“I am also pleased to report that the crisis in the delivery of health services in the Free State province has been resolved due to collaboration between the UFS Management (including the Dean: Health Sciences and Head of the School of Medicine), the Department of Health and the Premier, Mr Ace Magashule. Although the loss of skilled personnel is still a concern, the Dean and Head of the School of Medicine are recreating the Health Services Platform at Universitas Hospital. However, the academic training of no undergraduate medical student or any student in the Health Sciences was influenced by the crisis in the Universitas and Pelonomi Hospitals”, he says.

The UFS is regarded around the world as a model of transformation and reconciliation in the student body. The recent SRC elections are only the most visible example of how far we have come in terms of leadership diversity. “Not a week goes by in which other universities, nationally and abroad, do not come to Kovsies to consult with us on how they can learn from us and deepen their own transformations, especially among students”, Prof Jansen says.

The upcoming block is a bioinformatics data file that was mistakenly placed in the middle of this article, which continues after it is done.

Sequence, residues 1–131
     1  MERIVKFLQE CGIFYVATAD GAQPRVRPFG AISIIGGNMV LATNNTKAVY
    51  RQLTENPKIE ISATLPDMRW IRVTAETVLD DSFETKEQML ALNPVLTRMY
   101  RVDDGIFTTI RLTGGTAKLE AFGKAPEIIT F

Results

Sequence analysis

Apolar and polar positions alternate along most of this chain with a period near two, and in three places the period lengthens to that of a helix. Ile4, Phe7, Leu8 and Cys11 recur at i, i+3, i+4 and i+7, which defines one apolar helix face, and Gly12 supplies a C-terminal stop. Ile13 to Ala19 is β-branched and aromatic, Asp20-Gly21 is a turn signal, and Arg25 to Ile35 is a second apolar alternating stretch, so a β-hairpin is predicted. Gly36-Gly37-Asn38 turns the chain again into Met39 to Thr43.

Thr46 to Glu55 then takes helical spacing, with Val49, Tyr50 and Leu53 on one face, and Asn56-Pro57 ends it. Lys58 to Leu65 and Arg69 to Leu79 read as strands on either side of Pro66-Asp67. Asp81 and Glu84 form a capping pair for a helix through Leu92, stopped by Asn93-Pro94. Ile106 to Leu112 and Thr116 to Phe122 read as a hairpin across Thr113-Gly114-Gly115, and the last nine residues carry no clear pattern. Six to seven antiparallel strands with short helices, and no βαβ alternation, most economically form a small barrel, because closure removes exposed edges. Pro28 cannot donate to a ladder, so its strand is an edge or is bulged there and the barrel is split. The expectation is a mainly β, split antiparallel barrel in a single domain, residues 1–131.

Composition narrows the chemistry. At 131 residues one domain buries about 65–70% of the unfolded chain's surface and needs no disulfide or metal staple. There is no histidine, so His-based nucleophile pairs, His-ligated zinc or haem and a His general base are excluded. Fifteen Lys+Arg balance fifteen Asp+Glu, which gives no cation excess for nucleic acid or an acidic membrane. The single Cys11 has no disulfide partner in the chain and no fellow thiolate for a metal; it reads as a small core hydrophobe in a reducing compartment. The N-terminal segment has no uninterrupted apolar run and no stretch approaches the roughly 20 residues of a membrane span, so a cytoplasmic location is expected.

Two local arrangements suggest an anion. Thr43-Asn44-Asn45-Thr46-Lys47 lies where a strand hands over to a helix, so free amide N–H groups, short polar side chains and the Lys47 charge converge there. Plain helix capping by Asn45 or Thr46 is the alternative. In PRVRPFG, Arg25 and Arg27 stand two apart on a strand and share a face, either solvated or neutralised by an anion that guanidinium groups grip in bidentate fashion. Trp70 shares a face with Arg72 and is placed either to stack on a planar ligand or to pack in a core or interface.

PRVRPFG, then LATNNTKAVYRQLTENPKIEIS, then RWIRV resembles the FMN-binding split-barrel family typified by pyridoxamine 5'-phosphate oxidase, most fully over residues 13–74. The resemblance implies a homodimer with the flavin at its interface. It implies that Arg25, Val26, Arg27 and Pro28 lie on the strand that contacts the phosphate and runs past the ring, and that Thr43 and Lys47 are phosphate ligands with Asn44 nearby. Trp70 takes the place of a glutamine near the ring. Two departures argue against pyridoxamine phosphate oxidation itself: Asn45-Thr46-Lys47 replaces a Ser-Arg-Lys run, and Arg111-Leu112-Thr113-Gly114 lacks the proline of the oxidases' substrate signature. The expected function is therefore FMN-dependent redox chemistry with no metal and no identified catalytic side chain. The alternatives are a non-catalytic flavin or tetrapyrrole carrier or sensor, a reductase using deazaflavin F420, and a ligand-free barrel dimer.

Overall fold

“The UFS will continue its model of inclusive transformation which provides opportunities for study and for employment for all South Africans, including international students and colleagues. We remain committed to our parallel-medium instruction in which Afrikaans remains a language of instruction; we are in fact the only medical school in the country that offers education and training in Afrikaans and not only English. We provide bursaries and overseas study opportunities to all our students, irrespective of race. And our ‘future professors’ programme is richly diverse as we seek the academic stars of the future. But we remain steadfast in our goal of making the UFS a top world university in its academic ambitions and its human commitments,” Prof Jansen says.